Sixth Sunday of Easter (Year B): Gospel – John 15:9-17
“Jesus makes charity the new commandment” (Catechism paragraph 1823). “The Lord asks us to love as He does, even our enemies, to make ourselves the neighbor of those farthest away, and to love children and the poor as Christ Himself” (1825).
In his first encyclical, Deus Caritas Est (God Is Love), Benedict XVI explores Jesus’ call to love:
God does not demand of us a feeling which we ourselves are incapable of producing. He loves us, He makes us see and experience His love, and since He has ‘loved us first,’ love can also blossom as a response within us.
Moreover, “love is not merely a sentiment,” but rather involves our will and intellect as well:
The love-story between God and man consists in the very fact that this communion of will increases in a communion of thought and sentiment, and thus our will and God’s will increasingly coincide: God’s will is no longer for me an alien will, something imposed on me from without by the commandments, but it is now my own will, based on the realization that God is in fact more deeply present to me than I am to myself.
…in God and with God, I love even the person whom I do not like or even know. This can only take place on the basis of an intimate encounter with God, an encounter which has become a communion of will, even affecting my feelings. Then I learn to look on this other person not simply with my eyes and my feelings, but from the perspective of Jesus Christ…Love of God and love of neighbour are thus inseparable, they form a single commandment. But both live from the love of God Who has loved us first. No longer is it a question, then, of a ‘commandment’ imposed from without and calling for the impossible, but rather of a freely-bestowed experience of love from within, a love which by its very nature must then be shared with others.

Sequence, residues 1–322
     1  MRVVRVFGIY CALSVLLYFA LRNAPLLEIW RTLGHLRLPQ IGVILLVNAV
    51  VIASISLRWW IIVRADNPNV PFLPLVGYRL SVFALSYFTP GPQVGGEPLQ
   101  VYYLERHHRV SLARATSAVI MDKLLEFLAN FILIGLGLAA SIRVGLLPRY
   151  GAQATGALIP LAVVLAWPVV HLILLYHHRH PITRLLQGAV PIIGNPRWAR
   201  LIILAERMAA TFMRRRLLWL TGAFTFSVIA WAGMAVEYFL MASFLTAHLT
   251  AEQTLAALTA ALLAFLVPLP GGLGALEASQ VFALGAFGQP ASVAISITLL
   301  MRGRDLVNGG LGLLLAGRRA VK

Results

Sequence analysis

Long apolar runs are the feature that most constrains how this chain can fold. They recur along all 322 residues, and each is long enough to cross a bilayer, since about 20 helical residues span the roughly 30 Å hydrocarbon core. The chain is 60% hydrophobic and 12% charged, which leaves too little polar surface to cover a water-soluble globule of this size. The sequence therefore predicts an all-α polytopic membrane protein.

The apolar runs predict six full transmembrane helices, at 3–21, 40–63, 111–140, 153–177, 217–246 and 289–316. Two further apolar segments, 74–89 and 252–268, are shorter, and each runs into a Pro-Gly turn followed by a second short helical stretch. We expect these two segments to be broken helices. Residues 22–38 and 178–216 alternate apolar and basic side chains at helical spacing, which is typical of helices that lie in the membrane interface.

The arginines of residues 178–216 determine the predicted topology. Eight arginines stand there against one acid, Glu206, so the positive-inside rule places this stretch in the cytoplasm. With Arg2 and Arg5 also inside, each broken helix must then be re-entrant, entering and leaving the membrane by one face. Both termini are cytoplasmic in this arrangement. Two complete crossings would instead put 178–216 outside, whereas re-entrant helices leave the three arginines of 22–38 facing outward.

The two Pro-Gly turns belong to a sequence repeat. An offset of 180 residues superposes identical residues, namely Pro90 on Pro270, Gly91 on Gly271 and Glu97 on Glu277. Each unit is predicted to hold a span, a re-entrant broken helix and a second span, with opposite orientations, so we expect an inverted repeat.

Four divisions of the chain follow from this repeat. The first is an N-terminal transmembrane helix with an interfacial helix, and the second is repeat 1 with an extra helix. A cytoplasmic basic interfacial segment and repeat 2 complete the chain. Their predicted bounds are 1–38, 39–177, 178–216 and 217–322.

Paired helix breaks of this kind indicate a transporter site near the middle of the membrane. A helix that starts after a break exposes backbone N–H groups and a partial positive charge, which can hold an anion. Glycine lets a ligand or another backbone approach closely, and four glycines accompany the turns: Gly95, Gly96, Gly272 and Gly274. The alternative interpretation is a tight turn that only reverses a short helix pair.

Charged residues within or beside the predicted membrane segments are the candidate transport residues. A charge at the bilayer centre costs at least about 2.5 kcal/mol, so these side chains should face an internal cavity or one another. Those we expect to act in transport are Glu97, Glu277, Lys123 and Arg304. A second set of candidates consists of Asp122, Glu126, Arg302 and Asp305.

— Deus Caritas Est, 17-18.
And by living in accordance with this love, as Benedict explains, we find our joy:
God wants us to share in His own divine and eternal joy, and He helps us to see that the deepest meaning and value of our lives lie in being accepted, welcomed and loved by Him…God offers us an unconditional acceptance which enables us to say: ‘I am loved; I have a place in the world and in history; I am personally loved by God. If God accepts me and loves me and I am sure of this, then I know clearly and with certainty that it is a good thing that I am alive.’
…God wants us to be happy. That is why he gave us specific directions for the journey of life: the commandments. If we observe them, we will find the path to life and happiness. At first glance, they might seem to be a list of prohibitions and an obstacle to our freedom. But if we study them more closely, we see in the light of Christ’s message that the commandments are a set of essential and valuable rules leading to a happy life in accordance with God’s plan. How often, on the other hand, do we see that choosing to build our lives apart from God and His will brings disappointment, sadness and a sense of failure…
Christians are men and women who are truly happy because they know that they are not alone. They know that God is always holding them in His hands.
— Message for World Youth Day 2012
Question for reflection: In what ways do I try to radiate God’s love and joy to others?